What ever you use, It's required that water can drain through it. [BTW, The pond baskets make excellent training pots also-Talk about drainage!]
Keep in mind that for the most part w/ cold hardy trees it is not the temperature itself that is the danger [unless unusually excessive] it is the wind.
Some [small amount] moisture will still be lost from sun/wind and frozen roots have no way to replace this loss. So a sheltered area if possible is best. Snow is an excellent insulator by the way.
Keep in mind also that after your tree loses its leaves [No leaves= No photosythesis] it does not require sunlight. So even the dark garage will be fine.
Here are two fine articles wrt overwintering:
https://www.bonsai4me.com/Basics/Basics_WinterCare.html
https://www.evergreengardenworks.com/overwint.htm
That is from this thread: https://www.helpfulgardener.com/forum/viewtopic.php?p=19234#19234

Saved myself some time there. :wink:

BTW traditionally bonsai is an outside activity, Trees after all live outside.
Some of them [From tropical or sub tropical climates] can adapt to some degree to indoor culture provided you strive to keep them comfortable.

I hope this info is helpfull.
ynot

vdotson
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Chinese Elm

My chinese elem was losing leaves constantly after I purchased it this past spring. I tired everythng I knew plus what was recommended in this site( take it oustide, give it fresh air, etc.). Nothing seemed to work. It was losing leaves faster than it was growing new ones. :( Finally, during Labor day weekend, I decided to repot it. I didn't know what else to do. Interstingly enough, it appeared to me to be pot bound. Also, I placed it in my basement under a fluorescent light. I put a timer on the light so it would be on for 16 hours per day. At this point it looked like just a bunch of sticks and looked that way for the next 4 weeks. I was ready to toss it, but my husband convinced me ot be more paitnet. For once I listed ot him and within 2 weeks I had over 2 dozen buds. All leaf drop ceased and now I have a very healthy plant that is growing like a weed. :D Don't know if this will help you. Just thought I would share my experience.

desco976
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Re: Chinese Elm

vdotson wrote:My chinese elem was losing leaves constantly after I purchased it this past spring. I tired everythng I knew plus what was recommended in this site( take it oustide, give it fresh air, etc.). Nothing seemed to work. It was losing leaves faster than it was growing new ones. :( Finally, during Labor day weekend, I decided to repot it. I didn't know what else to do. Interstingly enough, it appeared to me to be pot bound. Also, I placed it in my basement under a fluorescent light. I put a timer on the light so it would be on for 16 hours per day. At this point it looked like just a bunch of sticks and looked that way for the next 4 weeks. I was ready to toss it, but my husband convinced me ot be more paitnet. For once I listed ot him and within 2 weeks I had over 2 dozen buds. All leaf drop ceased and now I have a very healthy plant that is growing like a weed. :D Don't know if this will help you. Just thought I would share my experience.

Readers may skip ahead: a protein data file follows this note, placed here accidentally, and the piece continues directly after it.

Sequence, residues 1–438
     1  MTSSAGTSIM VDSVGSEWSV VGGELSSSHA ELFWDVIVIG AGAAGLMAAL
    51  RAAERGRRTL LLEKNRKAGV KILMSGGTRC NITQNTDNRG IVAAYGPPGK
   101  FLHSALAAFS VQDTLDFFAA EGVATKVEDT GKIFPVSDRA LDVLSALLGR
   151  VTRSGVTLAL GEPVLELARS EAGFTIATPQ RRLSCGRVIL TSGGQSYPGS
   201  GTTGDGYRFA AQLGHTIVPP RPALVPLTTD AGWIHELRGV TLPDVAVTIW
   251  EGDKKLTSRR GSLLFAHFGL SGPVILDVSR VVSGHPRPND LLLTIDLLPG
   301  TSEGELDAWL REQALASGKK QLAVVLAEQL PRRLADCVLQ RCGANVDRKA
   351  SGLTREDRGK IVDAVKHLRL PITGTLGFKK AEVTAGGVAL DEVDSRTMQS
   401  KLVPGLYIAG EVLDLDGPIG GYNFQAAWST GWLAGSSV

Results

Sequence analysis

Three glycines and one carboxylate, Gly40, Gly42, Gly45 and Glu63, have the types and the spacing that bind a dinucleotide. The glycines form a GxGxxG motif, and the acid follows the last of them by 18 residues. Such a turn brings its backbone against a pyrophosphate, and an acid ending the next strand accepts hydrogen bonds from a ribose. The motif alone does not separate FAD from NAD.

vdotson,

Thanks so much for your input. Mine has somewhat slowed down on the leaf drop. Right now though we are gonig into a gray area,if the tree is losing leaves do to fall or something else. Unfortunatly it's to late in the season to repot it. At this point I'll just hope for the best.

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Michael,

You wrote:
Right now though we are gonig into a gray area,if the tree is losing leaves do to fall or something else.
If you are still keeping the tree indoors the change of season should not have anything to do with your leaf drop.

Also:
Unfortunatly it's to late in the season to repot it.
This is not necessarily the case. Chinese Elms can be managed as outdoor or indoor bonsai. Altough I strongly suggest outside, by keeping it inside you are circumventing the trees natural schedule of hardening off which is a gradual process beginning shortly after Summer solstice. If you intend to keep it inside a repot may be benificial especially if your soil is less than ideal as is the case with most mass produced trees. What is the soil like? Heavy in peat I would wager. It should be in a very free draining mix heavy in a gritty component.

Norm

desco976
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Gnome wrote:Michael,

You wrote:
Right now though we are gonig into a gray area,if the tree is losing leaves do to fall or something else.
If you are still keeping the tree indoors the change of season should not have anything to do with your leaf drop.

Also:
Unfortunatly it's to late in the season to repot it.